I have been putting some words together for an online magazine about my latest project “The Blast”, and thought that sharing some of them here might give more background to what I have been trying to do with this new work.
Dragging together “landscape” and simple “still life” images has been a real struggle, but something I had to go through to frame the work correctly (correctly in my mind anyway). Perhaps the hardest bit has been editing the hundreds of pictures down to ~60. One can’t show everything and after ten years that it difficult. With that in mind I have attached a few rejects to this post.
In 2015 (after a comment from a friend) I realised that my relationship to Blast Beach on the coast of Durham has informed and almost guided my practice for at least 6 years, and that I had to make a collection of pictures about the space. “The Blast” is where I have visited to gather materials for many of the camera-less works I have made during that time, and it is where I go to walk and think and explore, and I know the area intimately.
It took me years to see past the industrial pollution that blights the Blast, and to see the positive stories that slowly emerge. The passing of time and signs of environmental change are within the pictures for those who care to look in detail, and the decade long duration of this project has allowed me show that.
I wanted the pictures to be true to the place, and to present a collection that anyone familiar with the beach and the unique feel of the space would recognise. But hopefully these images are not just about one small part of the English coastline.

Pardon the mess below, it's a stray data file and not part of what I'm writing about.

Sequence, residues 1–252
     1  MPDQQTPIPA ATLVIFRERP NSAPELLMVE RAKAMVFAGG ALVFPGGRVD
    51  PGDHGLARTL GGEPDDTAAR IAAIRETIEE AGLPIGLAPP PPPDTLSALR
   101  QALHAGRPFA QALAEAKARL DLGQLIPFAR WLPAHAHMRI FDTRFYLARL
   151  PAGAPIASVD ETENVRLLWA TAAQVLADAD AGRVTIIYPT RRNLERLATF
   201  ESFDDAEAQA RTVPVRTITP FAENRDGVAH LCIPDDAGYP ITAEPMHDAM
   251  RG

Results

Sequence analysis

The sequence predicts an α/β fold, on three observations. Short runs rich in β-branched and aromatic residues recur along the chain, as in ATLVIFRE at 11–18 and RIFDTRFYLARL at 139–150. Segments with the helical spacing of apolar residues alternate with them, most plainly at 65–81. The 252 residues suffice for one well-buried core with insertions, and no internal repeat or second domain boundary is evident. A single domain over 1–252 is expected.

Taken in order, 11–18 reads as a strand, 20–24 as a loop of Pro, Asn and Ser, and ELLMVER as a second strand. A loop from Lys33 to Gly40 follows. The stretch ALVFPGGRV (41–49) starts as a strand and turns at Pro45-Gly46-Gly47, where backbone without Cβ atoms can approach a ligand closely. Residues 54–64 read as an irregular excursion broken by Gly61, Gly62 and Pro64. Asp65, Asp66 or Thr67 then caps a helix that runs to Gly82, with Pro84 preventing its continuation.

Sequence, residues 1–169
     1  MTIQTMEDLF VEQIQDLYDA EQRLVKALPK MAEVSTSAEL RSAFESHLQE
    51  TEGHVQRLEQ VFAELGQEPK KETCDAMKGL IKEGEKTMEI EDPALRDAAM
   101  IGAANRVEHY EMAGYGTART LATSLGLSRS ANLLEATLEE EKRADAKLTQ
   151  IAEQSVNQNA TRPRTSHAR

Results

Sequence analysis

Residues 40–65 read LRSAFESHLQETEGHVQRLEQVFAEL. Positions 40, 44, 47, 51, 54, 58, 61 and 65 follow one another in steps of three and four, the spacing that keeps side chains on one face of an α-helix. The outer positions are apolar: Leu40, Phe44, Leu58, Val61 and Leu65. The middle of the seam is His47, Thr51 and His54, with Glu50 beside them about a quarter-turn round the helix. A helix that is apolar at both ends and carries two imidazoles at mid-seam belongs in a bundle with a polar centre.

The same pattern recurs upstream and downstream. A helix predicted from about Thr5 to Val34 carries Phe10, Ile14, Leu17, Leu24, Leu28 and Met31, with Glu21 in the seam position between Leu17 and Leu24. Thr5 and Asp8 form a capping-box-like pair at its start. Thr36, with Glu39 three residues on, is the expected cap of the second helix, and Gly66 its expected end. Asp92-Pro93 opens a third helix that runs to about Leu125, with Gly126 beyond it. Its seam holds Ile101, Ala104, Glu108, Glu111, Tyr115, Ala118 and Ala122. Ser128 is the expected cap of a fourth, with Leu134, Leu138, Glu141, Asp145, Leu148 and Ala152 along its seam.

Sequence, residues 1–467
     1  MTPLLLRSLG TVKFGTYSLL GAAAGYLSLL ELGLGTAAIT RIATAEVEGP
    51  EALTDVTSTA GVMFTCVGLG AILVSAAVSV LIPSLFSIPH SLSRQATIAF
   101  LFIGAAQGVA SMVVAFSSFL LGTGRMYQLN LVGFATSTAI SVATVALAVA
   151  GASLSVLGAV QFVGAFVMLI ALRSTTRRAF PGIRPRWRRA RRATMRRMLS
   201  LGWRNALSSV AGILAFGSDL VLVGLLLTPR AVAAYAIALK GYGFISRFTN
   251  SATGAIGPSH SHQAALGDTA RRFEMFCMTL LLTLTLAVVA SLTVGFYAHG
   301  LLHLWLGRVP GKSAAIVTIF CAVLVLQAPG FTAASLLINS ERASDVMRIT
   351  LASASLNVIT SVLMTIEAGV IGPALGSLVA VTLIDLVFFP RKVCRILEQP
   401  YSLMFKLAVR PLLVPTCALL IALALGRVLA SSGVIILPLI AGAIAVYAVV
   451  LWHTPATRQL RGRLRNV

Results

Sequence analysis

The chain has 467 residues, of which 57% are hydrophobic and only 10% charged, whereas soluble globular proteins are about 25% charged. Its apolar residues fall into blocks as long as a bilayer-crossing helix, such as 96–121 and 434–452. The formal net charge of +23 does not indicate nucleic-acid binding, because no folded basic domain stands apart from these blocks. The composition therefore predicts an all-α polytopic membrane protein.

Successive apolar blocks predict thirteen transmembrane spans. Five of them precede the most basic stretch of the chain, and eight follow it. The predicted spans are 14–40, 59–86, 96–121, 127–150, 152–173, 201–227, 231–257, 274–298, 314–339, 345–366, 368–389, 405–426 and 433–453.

The Blast is a place where you pick things up, where you find things you can’t quite believe or don’t understand, and industrial remnants are revealed by the tides daily. But I did not want to photograph these objects in situ, this was done so well by Sirkka-Liisa Konttinen in “Coal Coast”, and I wanted to change the context of my finds and to explore them visually. I have always been fascinated by the objects we gather and how they can connect us to a place, and how they take on a value as a result.
Whilst walking the Blast I often wonder what would be left if our society ended today, and how our lives might be interpreted by the people of the future. How would they read the cultural objects they found scattered and washed up on the beach? How would they evaluate our relationship with our environment?
For more information on the project please click here.